Tags: For | Kerry | Now | Debate | Die

For Kerry, It Is Now Debate or Die

Tuesday, 28 September 2004 12:00 AM

I will predict, always a risky venture…that this first debate draws an audience of 60 million viewers. I also believe that President Bush thinks this too, since the topic the first night will be foreign policy which, incidentally, happens to be this president’s premier strength.

As late as the end of August, Kerry had not expected to be in a “must win” situation by the time the debates rolled around, but that is precisely what he faces. Trailing in nearly all nationwide polls, and losing in most battleground states, Kerry will have to change minds in a hurry, starting with a topic on which he cannot seem to make up his own mind, Iraq.

Besides attempting to square a myriad of positions on Iraq, Kerry will also have to explain his readopted defeatist position against the war, and his “dressed in black” outlook against the war on terrorism in general.

In this, Kerry faces a wartime president who is thoroughly seasoned in the art of the debate. And, dare I say, that Bush is even favored by a few pundits to win these debates? But campaigns are staffed for strategy after all, and neither side thinks entirely much of their man as opposed to the other when it comes to the debates.

Kerry spokesman and strategist Joe Lockhart told reporters that he would “challenge anyone to name a major debate that George Bush has been in where he hasn't been considered the winner.”

Earlier in the month, Matthew Dowd, the Bush campaign's chief strategist, said in an interview that Kerry “is very formidable, and probably the best debater ever to run for president. I think he's better than Cicero," the ancient Roman orator. “I'm not joking.” Dowd added.

This, of course, is the time-honored ritual of lowering expectations regarding the candidate’s skill preceding the debates. It is a measure meant to give one’s candidate an edge going into the debates, and an excuse coming out. But, if per chance Bush or Kerry exceed the expectations, then it is always because “our man was better,” and never because the other guy was worse.

Kerry will need to be sharp, which he can be, but definitive, which he has not been.

Kerry needs solutions, which he has thus far lacked for most issues, and not attacks, with which he has depended on far too often.

Most of all, Kerry needs to give the voters a reason to vote for him, as opposed to a reason not to vote to reelect Bush. To date, Kerry is still the “anybody-but-Bush” candidate of the left. His recent tough words for Bush in campaign speeches would indicate that this is no facade, but Kerry coming to grips with just who he is.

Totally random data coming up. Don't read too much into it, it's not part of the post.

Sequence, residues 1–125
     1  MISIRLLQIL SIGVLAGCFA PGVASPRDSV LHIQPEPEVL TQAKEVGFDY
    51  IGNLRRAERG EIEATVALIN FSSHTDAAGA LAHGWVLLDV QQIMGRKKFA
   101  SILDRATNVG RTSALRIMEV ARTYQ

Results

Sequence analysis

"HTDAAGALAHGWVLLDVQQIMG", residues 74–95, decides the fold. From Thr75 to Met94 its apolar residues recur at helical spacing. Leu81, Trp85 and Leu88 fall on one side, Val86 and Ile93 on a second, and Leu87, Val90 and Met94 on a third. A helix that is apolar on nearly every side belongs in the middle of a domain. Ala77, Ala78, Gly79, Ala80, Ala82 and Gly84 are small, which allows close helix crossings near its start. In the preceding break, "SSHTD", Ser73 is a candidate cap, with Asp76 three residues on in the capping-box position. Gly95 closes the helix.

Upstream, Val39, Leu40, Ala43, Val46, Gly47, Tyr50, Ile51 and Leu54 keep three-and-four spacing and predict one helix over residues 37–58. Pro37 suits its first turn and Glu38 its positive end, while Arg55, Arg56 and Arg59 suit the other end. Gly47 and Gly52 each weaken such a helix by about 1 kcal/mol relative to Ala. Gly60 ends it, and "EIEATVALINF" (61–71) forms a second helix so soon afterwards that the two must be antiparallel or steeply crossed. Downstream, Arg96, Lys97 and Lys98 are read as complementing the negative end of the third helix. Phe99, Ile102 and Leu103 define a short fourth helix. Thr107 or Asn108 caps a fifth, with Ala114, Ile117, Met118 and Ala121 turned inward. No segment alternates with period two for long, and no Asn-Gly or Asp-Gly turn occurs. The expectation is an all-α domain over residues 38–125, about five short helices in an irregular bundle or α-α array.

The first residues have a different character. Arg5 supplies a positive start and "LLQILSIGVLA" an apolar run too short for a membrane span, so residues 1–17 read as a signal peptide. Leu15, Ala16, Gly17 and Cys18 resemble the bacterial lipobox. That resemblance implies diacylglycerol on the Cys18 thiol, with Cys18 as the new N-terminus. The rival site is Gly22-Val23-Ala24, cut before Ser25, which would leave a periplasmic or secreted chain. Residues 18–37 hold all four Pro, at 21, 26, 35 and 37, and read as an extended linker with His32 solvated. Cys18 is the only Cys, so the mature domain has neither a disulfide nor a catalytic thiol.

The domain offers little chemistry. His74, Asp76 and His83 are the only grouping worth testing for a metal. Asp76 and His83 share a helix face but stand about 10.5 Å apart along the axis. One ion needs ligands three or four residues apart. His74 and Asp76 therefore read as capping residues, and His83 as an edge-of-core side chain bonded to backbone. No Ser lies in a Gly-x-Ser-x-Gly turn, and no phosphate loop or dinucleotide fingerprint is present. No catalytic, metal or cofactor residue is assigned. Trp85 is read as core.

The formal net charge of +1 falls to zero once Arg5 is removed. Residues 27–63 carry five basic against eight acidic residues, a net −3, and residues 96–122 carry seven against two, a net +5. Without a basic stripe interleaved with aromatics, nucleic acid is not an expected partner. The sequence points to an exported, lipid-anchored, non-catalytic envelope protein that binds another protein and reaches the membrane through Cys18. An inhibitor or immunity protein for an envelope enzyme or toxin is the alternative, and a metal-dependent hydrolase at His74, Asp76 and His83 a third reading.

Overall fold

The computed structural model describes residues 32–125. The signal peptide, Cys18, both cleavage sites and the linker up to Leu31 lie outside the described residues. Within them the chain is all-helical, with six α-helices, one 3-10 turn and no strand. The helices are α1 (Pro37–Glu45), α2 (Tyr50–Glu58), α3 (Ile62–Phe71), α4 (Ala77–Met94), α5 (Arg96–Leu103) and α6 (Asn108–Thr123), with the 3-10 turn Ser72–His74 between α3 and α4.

But just as Kerry strives to please his leftist voting base with his often over-the-top rhetoric, he also attempts to energize the Independents and “security moms” by striking a pose on Iraq. It is a pose - one of victory and one of failure - that he has vacillated between since the Iowa Caucus.

Under the bright lights in Coral Gables, Florida, and standing before the crushing weight of millions listening to his every word, Kerry will have to come clean on Iraq. He will not have a second chance, and the “flip-flop” will fall one way or the other.

In regards to Iraq, I cannot see a way for Kerry to win the debate among his own Democratic base.

At the Democratic Convention, some 90 percent of the conventioneers were against the war in Iraq. Parts of Kerry’s constituency are also confused. Blacks do not necessarily see Iraq as a central issue, and wonder aloud what Kerry would do for them as president. Women, married or otherwise, are abandoning Kerry in a big way, as laid out by a recent New York Times/CBS poll. Married women favor Bush by a staggering 59 percent to 32 percent advantage. (www.nytimes.com/2004/09/22/politics/campaign/22women.html)

Even Independents are starting to line up for Bush. The latest Marist poll has Bush winning Independents by a slim 44 percent to 39 percent margin, a sign that voters are paying attention to what the candidates are saying. (www.maristpoll.marist.edu/usapolls/PZ040924.htm)

So is the election over for John Kerry? No, it isn’t. Most polls are showing that anywhere from 18 percent to 29 percent of voters say that these debates would matter in choosing the next president. That in itself is a large enough number to cause each candidate to choose his answers carefully. It is here that John Kerry will pin his presidential hopes.

Debates can take on a gladiatorial aspect at times - a modern-day blood sport for a more civilized age. Given Kerry’s recent rhetorical bloodletting upon the stump against Bush, he will work with what weapons he has been given by the Clinton cadre that now infuses his thoughts.

What I do suspect is that John Kerry will let it all out on that Florida stage on September 30, sparing nothing for George W. Bush. It is a strategy fraught with risk for Kerry. Put in the unenviable position of staking one's presidential hopes within the parameters of a 90 minute debate, it is now conquer or be conquered for Kerry in the arena of public opinion.


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I will predict, always a risky venture…that this first debate draws an audience of 60 million viewers.I also believe that President Bush thinks this too, since the topic the first night will be foreign policy which, incidentally, happens to be this president's premier...
Tuesday, 28 September 2004 12:00 AM
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